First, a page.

A History of Motorcycle Helmets in the U.S.
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A History of Motorcycle Helmets in the U.S.

Thursday, June 08, 2017By Richard Alexander

The faster we move, the more careful we have to be. Transportation has always been dangerous, and now with vehicle speeds getting higher and higher, safety becomes even more important. One of the most dangerous modes of transportation is motorcycles. With no harnesses or enclosures, motorcyclists' safety is a huge concern with a rich history behind it.

Two years after the end of the Civil War, the first motorcycle was created by Sylvester Roper. He outfitted a bike with a steam engine, creating what he called a steam velocipede. This was the first incarnation of the modern motorcycle. It was also the cause of the first motorcycle death. Roper held an exhibition showing off the speed of his steam velocipede. He reached speeds of 40 mph before he crashed and was killed.

Since then, the need for motorcycle safety was widely known, but that didn’t stop soaring production rates. Around 1905, companies started producing motorcycles that used gas engines. Because of the World Wars, orders flooded in for motorcycles for troopers. Thanks to this huge boom in business, motorcycles for consumer use skyrocketed, and motorcycles became an American icon.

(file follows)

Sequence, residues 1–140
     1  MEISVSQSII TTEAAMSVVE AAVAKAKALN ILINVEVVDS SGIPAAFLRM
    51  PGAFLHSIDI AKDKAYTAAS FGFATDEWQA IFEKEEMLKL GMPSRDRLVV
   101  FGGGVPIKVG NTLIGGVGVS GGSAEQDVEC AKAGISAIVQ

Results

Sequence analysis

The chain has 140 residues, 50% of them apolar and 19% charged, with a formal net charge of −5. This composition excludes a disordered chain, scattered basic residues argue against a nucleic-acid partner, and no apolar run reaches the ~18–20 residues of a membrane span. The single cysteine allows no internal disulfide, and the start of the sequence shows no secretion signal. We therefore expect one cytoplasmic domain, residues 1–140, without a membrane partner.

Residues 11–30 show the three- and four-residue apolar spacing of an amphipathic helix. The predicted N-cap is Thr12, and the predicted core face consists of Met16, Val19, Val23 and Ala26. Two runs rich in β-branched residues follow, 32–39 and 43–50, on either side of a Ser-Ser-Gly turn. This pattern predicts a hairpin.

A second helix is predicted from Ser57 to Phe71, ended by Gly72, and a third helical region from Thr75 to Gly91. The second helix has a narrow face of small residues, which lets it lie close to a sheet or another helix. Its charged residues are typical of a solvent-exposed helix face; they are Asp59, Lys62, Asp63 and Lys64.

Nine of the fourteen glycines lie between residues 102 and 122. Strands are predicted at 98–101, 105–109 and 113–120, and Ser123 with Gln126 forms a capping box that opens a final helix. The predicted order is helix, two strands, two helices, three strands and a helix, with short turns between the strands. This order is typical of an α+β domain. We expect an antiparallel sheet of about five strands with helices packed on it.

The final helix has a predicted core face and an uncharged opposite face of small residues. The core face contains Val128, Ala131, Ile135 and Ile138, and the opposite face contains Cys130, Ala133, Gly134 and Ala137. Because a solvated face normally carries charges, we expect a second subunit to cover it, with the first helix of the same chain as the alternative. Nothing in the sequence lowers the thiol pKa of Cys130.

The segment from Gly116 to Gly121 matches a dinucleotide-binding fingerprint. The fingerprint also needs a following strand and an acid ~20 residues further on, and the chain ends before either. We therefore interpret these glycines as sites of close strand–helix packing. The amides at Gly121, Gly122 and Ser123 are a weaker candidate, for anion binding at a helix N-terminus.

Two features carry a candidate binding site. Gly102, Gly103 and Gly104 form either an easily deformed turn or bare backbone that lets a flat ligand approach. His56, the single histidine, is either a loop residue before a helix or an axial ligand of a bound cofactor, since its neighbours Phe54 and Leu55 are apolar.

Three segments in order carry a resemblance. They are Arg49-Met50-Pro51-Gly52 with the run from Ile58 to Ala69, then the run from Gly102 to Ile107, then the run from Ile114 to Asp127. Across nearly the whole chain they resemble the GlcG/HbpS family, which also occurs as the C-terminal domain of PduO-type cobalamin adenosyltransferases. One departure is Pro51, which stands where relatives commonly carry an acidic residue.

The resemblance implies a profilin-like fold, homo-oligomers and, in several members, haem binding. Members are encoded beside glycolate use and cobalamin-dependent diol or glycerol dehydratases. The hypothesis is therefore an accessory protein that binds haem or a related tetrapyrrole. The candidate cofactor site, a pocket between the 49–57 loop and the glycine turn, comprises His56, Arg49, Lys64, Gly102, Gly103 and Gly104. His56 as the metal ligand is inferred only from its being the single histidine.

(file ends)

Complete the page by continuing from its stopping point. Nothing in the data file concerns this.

Reports of serious and fatal brain injuries resulting from motorcycle use started surfacing in the 1920s, but little was known about brain trauma at that time. The first person who studied brain injuries due to motorcycle accidents and the effect that helmets had on the injuries was Hugh Caims. Caims was an understudy of Harvey Cushing, known as the father of neurosurgery. Caims' studies showed that 90 percent of motorcycle crashes at the time were fatal.

Even though helmets have been in use even for decades, the first helmet designed specifically for motorcycle use was patented in 1953. Over the following years, helmet use on motorcycles increased, and motorcycle related fatalities declined. Later on, laws were introduced prohibiting the use of a motorcycle without a helmet due to the threat of loss of federal funding, but many states later repealed their laws.

If you or someone you know has been in a motorcycle crash, contact Alexander Law Group, LLP. Call 888.777.1776 right now, for a free, confidential, and personal consultation with one of our attorneys or contact us online. Our expert team of attorneys will work hard to give you the best representation possible.

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